Just missing out on this occasion was Dunston (the band of the tuba playing policeman – if you have read the Postcard). They followed Billingham on and under the baton of Sue Murrill delivered a stylish performance high on pace and excitement just about from the word go.

It just failed to make it to Harrogate as it did have a few tuning problems at the very start and perhaps needed just a bit more time and space in the slow section – although the contributions from the main soloists, especially the flugel horn was first class – and the basses were good too!

With Flookburgh a clear winner the battle for the second qualification spot was a close run thing with Barrow Concert in 4th place pushing both Billingham and Dunston all the way.

Assess and compare

Drawn 3, Barrow gave Peter the ideal opportunity to assess and compare three performances of merit right from the word go – and it was hard to disagree with the final order he placed them.

With Barrow’s MD resplendent in star spangled waistcoat and sporting one of the most flexible batons you are ever likely to see on a contest stage, they didn’t start too brightly with poor tuning just robbing the atmosphere.

However it soon improved and some classy repiano playing on the faster cornet solo and from the bumper up on the slower contribution set them on their way – as well as some clever use of the obligatory yellow dusters for those all important out of the world effects!  It was though a good effort, well thought out by the MD.

Mini contest

The bands that came 5th to 8th were in reality in a little mini contest of their own. There were too many basic problems for them to have pushed any higher up the prize table than they eventually did, but each emerged with a great deal of credit for their efforts.

5th place eventually went to Ripon City with a performance that just needed a touch more energy and a bit of a turbo boost in places to bring it to life.

There were some notable contributions from the jacketless lass on solo cornet and fine flugel, and they did battle through despite some outside walkie-talkie interference.  It just needed that extra little spark though to ignite the return journey home in particular – but it was still a pretty good effort nonetheless and 5th place was spot on.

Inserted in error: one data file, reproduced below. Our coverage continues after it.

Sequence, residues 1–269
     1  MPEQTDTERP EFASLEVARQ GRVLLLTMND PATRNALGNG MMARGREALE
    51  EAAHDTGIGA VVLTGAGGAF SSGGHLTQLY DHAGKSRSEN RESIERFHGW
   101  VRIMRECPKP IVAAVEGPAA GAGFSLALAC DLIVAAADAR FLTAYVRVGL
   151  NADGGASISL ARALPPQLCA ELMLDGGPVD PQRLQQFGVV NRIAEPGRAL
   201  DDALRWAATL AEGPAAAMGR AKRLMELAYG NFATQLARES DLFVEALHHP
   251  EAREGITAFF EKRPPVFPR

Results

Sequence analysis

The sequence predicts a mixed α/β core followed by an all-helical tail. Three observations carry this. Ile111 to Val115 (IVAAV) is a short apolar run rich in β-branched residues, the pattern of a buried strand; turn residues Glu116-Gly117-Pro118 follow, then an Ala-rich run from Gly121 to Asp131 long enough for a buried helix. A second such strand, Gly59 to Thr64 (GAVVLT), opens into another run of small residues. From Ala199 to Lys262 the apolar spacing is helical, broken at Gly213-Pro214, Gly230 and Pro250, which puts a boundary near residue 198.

Barnard Castle on the other hand was a real mixed bag – a liquorice allsorts assortment of rather strangely chosen tempi and dynamics from the young MD. 

Why Mr Dunphy thought it was such a good idea when there was clearly no need was a bit beyond us, as he had a good band at his disposal that didn’t need to blow as hard as they did or try and play as fast as they could either. It was certainly exciting stuff, but it also lacked control – a lesson learnt perhaps?

Great credit

Stape Silver
certainly emerged with a great deal of credit for their efforts – made the more worthy given that they were chock full of youngsters and were led with real intelligence by their MD.

He made the most of his resources without ever asking them to try and do something they obviously couldn’t, and whilst there were evident basic problems there was also plenty of evidence on display of a great deal of potential too.

The young girl on solo euphonium for instance was a real star – composed and possessing a wonderful sound she didn’t put a single foot wrong, whilst the little nipper beside here did her duty too. A good solo cornet contribution and some neat ensemble work were also major plus points and whilst it obviously tired towards the end you were left with the impression that this was a band that was moving very much in the right direction. 

Resources

Finally then East Riding of Yorkshire who also made the most of their resources but who eventually ran out of steam. They too benefited from notable contributions from their soloists (including a real Peter Roberts wannabe on soprano) but the basic structural problems just overwhelmed them. The potential was there though – from the great young perc team to the MD who kept a level head from start to finish.

So were all 8 bands here better than the 8t best in the West? Perhaps, perhaps not. Peter Roberts certainly thought so, and even if he was being a touch crafty in his overall analysis it certainly went own well with both players and audience alike.

Iwan Fox